Philosopher Rex Vol. 1 Review

Before anything, I would just like to say that the design of he title character, Philosopher Rex, is pretty damn good looking. It’s also very inviting.

It’s a shame, then, that Philosopher Rex is not as satisfying to witness as a character as he is to look at. This premise should work. Ishmael Stone (cool name) is a Philosopher, a title we learn the importance of later on. What we do know at the start is that Stone and his team battle the supernatural. Stone has abilities, and so do the rest of his team. Martin Priest can influence people to do or believe anything he wants them to, just by saying it. Wilbur, who usually lightens the mood, has a bag full of magical tricks. I just wish that he had an electric razor to cut that awful facial hair. Jack is blind, but can “see” you coming with his ability to sense many things, including demons. Then there’s Amara.

Amara is Ishmael Stone’s daughter, and her origins are almost as mysterious as her father is. I’m interested in knowing more about her, but I’m not too interested in hearing her talk. She is this street wise west coast woman, but writing lines for a character like that is tough. In Philospher Rex, this character fails, at least somewhat. Amara is interesting asĀ  the daughter of separated parents; but as a hip-hop gangsta girl, she is reduced as something to groan at. When she’s not having a heart-to-heart with her dad, she’s coming off as a mish-mash of 90’s irrelevant slang. I’m just glad she doesn’t say “homie.”

Thankfully, Amara doesn’t show up all that much. We are introduced to her and the rest of the crew in “Another Devil in the Dark” when they visit a town in Virginia terrorized by demons. These issues have the second best artist of these six issues, penciler Geraldo Borges. Borges is probably #1 when it comes to effective action scenes. My favorite scene being Ismael sucker punching a slobbering demon right in the face. Good stuff!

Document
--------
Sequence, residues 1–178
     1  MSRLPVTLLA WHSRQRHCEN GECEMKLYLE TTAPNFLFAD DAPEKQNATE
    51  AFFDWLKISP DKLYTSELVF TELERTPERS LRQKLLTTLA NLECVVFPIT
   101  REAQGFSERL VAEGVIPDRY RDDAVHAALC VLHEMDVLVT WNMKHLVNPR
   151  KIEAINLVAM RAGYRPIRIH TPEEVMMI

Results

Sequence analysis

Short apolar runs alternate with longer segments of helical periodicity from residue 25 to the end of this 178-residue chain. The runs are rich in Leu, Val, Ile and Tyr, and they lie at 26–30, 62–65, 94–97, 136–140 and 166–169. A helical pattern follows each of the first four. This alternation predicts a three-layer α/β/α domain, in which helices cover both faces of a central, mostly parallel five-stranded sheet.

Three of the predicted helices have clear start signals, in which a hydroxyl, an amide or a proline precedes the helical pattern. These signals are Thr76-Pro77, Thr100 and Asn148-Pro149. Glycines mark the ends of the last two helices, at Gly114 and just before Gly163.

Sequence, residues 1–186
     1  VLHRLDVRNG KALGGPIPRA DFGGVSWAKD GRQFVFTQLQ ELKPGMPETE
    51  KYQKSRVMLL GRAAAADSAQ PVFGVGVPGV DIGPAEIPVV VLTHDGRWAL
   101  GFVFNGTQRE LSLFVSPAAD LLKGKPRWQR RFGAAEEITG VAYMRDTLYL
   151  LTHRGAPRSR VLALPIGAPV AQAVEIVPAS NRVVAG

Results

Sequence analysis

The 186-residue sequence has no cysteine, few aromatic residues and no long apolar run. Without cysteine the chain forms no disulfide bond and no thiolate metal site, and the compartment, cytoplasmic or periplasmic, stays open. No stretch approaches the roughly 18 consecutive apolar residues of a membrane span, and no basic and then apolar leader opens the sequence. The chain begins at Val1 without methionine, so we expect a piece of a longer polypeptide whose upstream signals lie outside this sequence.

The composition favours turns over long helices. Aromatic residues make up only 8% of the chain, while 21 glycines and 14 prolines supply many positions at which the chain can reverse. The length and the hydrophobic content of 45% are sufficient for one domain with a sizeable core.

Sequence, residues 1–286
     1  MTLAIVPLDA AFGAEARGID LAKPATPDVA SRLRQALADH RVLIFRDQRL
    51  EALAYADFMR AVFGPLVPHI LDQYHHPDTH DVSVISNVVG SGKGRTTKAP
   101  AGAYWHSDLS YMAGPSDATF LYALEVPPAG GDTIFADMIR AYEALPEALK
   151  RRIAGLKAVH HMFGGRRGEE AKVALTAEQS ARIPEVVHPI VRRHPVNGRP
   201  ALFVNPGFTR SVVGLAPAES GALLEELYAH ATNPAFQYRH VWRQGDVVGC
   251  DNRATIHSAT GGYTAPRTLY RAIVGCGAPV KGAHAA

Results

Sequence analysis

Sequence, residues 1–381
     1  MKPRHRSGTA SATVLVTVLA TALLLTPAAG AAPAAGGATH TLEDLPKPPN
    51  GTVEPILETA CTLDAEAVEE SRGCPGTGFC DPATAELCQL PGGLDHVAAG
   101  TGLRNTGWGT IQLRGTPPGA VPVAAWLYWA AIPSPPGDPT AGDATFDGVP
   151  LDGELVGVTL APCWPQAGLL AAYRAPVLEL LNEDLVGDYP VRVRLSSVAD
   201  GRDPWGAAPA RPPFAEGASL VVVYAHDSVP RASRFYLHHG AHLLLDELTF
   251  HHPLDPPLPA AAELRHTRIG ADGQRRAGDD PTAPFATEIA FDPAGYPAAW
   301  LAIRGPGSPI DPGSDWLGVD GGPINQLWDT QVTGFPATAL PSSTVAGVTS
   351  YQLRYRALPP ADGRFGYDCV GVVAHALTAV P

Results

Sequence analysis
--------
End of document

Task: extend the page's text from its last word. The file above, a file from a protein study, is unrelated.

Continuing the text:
The next story, “Availability Heuristic,” Has the Philospher Rex crew playing ghostbusters, as told from the perspective of the woman who goes to them for help. The art, this time done by Ricardo Soathman, isn’t bad, but it feels more suitable for a biographical or dramatic work, not an action piece. This story is the least appealing of the volume, but it does serve to add a little depth to Blind Jack’s character a little more.

The first Philosopher Rex trade couldn’t have ended any better. It’s Ismael Stone Vs. killer demon wolves and bloodthirsty children. In “The Fenris Condition,” Stone is basically by himself on this journey. Rick Silver is the penciler for this story, and the Miller brothers couldn’t ask for a more appropriate artist to work o this series. The art teams for the first and last stories work best with all the grotesque creations the Millers devise.

Volume 1 of Philosopher Rex is just OK to me. From the heroes to the villains to the stories, I had a good time with what Rex has to offer. The problem I come upon after reading it is whether I want to read more. While Ismael Stone is powerful and mysterious, I don’t feel a strong pull to his character. The details about this man’s life are more interesting than the man himself, and this is where my problem lies. Philosopher Rex Vol. 1 makes me curious about Vol 2., but I am not in an incredible rush to read more.

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